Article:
It is significant that he believes that this poetics is illustrated in the writings of Proust and in the combinatory art of Joseph Cornell, rather than in the work of say, Pee-Wee Herman. In any case, Lears' thesis is not original. Since Levi-Strauss's The Savage Mind, the notion of the creative art of the bricoleur has been as commonplace as the Blue Peter gift. But if Fables of Abundance lacks intellectual glamour, it does have other seductive qualities.
Lears couches his argument in a fascinating history of American advertisers, descendants of pedlars and patent-medicine salesmen transformed into self- styled social engineers, guardians of democracy and the rightful heirs of the artistic genius of Michelangelo.
According to Lears, US advertising has always been haunted by its origins in the contradictory desires of 19th-century America. The Puritan suspicion of ornament and emotion produced a thwarted longing for rapture and self- transformation, and because advertisers were the offspring of Puritans, the advertiser's own self-image has always been at least as important as the image of the product. The great colon campaigns of the early 1900s, for instance, reflected Calvinistic desires for purgation and WASPish fears about ethnic purity, in the language of personal hygiene and efficiency. One laxative was sold with a quote from an Italian statesman-physician: "Many men are failures because of intestinal fatigue." Constipation was a threat to social evolution, a drag on productivity: when in 1928 Thomas Edison was asked about "the most hostile feature of the average human being's environment", he replied "His lower bowel."
By the 1920s advertisers had already adopted the role of custodians of enlightened values and democracy. "It is a great responsibility to mould the daily lives of millions of our fellow men," wrote copywriter James Wallen in 1925, "and I am persuaded that we are second only to statesmen and editors in power for good." Along with this lofty calling went absolute confidence in the artistic merit of their work: Mac Artzt, writing in Printer's Ink in 1930, asserted that the day would come when the copywriter would attract a "reputation on a par with an established writer or artist".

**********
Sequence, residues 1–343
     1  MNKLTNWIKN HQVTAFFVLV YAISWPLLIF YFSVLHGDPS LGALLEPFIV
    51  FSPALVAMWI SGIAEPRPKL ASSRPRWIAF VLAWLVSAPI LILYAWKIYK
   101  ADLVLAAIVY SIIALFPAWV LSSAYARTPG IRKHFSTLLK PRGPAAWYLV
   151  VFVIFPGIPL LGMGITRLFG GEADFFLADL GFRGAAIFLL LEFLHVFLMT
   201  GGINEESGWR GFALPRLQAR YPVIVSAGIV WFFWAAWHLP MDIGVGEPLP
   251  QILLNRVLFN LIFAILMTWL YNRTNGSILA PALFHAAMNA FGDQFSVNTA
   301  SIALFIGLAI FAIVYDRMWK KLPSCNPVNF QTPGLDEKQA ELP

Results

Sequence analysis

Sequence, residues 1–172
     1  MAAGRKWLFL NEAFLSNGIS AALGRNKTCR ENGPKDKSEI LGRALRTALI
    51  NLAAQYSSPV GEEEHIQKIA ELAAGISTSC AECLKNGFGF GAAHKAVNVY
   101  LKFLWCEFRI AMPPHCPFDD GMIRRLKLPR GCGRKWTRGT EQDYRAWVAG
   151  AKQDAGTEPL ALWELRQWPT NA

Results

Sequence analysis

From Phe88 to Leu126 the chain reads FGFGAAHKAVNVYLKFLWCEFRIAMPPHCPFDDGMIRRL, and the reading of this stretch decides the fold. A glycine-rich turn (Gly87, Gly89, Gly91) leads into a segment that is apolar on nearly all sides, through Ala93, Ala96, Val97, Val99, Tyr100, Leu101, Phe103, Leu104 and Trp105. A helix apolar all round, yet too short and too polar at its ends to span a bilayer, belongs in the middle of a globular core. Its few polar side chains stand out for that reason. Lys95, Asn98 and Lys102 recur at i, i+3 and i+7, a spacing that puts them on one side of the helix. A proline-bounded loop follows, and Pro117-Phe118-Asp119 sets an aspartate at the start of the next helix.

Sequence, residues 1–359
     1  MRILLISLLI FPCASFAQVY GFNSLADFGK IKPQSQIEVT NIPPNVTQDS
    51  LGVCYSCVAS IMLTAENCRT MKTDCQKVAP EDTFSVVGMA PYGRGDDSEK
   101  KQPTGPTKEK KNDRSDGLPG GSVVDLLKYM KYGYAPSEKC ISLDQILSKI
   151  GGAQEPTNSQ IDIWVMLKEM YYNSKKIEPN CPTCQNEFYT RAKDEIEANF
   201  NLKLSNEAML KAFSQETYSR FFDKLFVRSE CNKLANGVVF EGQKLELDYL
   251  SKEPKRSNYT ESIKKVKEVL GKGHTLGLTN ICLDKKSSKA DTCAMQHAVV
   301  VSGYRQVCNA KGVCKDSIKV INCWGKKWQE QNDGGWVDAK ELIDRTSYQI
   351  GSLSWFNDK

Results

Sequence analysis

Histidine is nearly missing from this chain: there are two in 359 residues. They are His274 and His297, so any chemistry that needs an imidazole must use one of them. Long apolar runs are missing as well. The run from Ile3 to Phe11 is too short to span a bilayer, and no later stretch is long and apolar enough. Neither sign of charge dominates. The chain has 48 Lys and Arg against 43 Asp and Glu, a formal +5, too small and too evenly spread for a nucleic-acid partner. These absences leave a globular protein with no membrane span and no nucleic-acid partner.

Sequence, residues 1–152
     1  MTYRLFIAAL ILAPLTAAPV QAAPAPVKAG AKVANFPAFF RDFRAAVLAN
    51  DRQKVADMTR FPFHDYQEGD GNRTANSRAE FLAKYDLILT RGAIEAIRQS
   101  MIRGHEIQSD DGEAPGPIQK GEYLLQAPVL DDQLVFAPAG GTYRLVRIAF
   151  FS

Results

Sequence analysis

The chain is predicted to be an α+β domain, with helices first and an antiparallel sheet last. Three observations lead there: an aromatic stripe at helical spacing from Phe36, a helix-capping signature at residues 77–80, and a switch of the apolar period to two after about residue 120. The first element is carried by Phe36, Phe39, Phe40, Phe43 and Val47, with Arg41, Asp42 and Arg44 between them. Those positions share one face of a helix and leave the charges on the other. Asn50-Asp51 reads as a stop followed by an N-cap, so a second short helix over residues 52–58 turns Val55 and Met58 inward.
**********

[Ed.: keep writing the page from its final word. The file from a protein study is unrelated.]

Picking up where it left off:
Initially, art served simply as a design tool. But by the 1950s agencies began to seek the cultural kudos that came with being associated with the art world. Lears examines advertisers' transitory obsessions with realism, modernism, abstract expressionism and photography. And despite their bumptious self-elevation, the advertising agencies were staffed by some undoubtedly talented people. Edward Steichen, who collaborated with Alfred Stieglitz, produced in The Saturday Evening Post an innovative back-lit photo of a surgeon and nurse operating. The ad (for Scott's Tissues) asserted in a dramatic Milk Tray kind of way "the trouble began ... with harsh toilet tissue", and resulted in a fad for advertisements with "real- life" drama.
The problem with the book is Lears' belief that we must be saved from our desire to consume through a contemplative poetics. But desire is more visceral than that, and just because it judges as much with the crotch as with the head doesn't mean it has no taste. One has only to look at the libidinal discrimination teenagers show in their judgement of Take That! Advertisers understand only too well that money smells like teen spirit.Reuse content